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Civil rights organizations to DOJ: Withdraw unconstitutional subpoena requests

Ten civil rights organizations signed on to a letter Wednesday asking U.S. Attorney General Jeff Sessions to withdraw the recently issued subpoenas in North Carolina seeking millions of voter records.

“It’s clear that these subpoenas are a fishing expedition that aims to intimidate voters of color in North Carolina,” said Kareem Crayton, Interim Executive Director of the Southern Coalition for Social Justice. “Americans should have the peace of mind to know that when they cast their ballot, it is not going to examined by government officials in a way that discloses personally identifying information and how they voted. This effort not only undermines the privacy interests of voters, it also eliminates a crucial element of every free and fair election — the secrecy of the ballot.”

The U.S. Attorney’s Office for the Eastern District of North Carolina on behalf of U.S. Immigration and Customs Enforcement (ICE) had initially asked at the end of August for the production of 15 million voter documents within 20 days by the State Board of Election and Ethics Enforcement and 44 county boards of elections.

They backed off after significant media coverage, but are still asking for a wide breadth of information (including poll books, e-poll books, voting records, and/or voter authorization documents) and for the State Board of Election and Ethics Enforcement and 44 county boards of elections in the eastern part of the state to preserve everything.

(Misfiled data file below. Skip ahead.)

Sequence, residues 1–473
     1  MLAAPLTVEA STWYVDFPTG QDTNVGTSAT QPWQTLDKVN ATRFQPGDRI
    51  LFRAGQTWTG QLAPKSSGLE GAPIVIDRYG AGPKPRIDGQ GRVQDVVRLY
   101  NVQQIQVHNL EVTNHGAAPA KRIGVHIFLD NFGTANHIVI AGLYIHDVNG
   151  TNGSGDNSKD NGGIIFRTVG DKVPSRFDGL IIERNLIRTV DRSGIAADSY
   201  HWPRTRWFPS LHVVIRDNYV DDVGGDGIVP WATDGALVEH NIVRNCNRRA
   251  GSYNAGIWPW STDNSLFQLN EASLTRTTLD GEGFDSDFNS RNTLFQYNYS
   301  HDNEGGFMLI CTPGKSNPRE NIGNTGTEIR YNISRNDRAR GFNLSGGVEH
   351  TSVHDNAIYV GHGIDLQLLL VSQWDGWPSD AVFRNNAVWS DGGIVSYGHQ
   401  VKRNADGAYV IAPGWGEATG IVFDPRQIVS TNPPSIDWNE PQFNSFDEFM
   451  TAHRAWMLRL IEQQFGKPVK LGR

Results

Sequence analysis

The U.S. Attorney’s Office also subpoenaed voter information from the state Department of Motor Vehicles — that request, however, was more narrow and targeted mainly immigrants and foreign-born citizens.

The North Carolina Attorney General’s Office is fighting the state and county boards of elections subpoenas — per a unanimous vote by the State Board to quash the documents — and it’s not yet clear what the DMV plans to do with regard to its request.

The information requested could compromise North Carolina voters’ privacy and the letter sent by civil rights organizations to the Department of Justice highlights that concern.

“The extremely broad and unprecedented subpoenas extend far beyond the scope of any legitimate law enforcement objective and threaten voters’ constitutional right to cast a ballot free from fear and intimidation as well as their expectation that their personally identifiable information … and their voting preferences will remain private in accordance with the law,” it states. “Further, given the massive redactions necessary to avoid complete disregard for voters’ rights and the law, responding to these ICE Subpoenas would interfere with the duties of North Carolina’s election officials at any point in any election cycle.”

The letter goes on to make four main points about why the subpoenas should be withdrawn altogether: they target people of color, immigrants and low income communities; they seek voter information that must remain protected; they have already interfered with the upcoming elections; and the U.S. Attorney should not use grand jury proceedings as fishing expeditions.

Read the full letter below. One of the organizations that signed on to the letter, the North Carolina Justice Center, is the parent organization of NC Policy Watch.

Lettter From Civil Rights Organizations to DOJ by NC Policy Watch on Scribd

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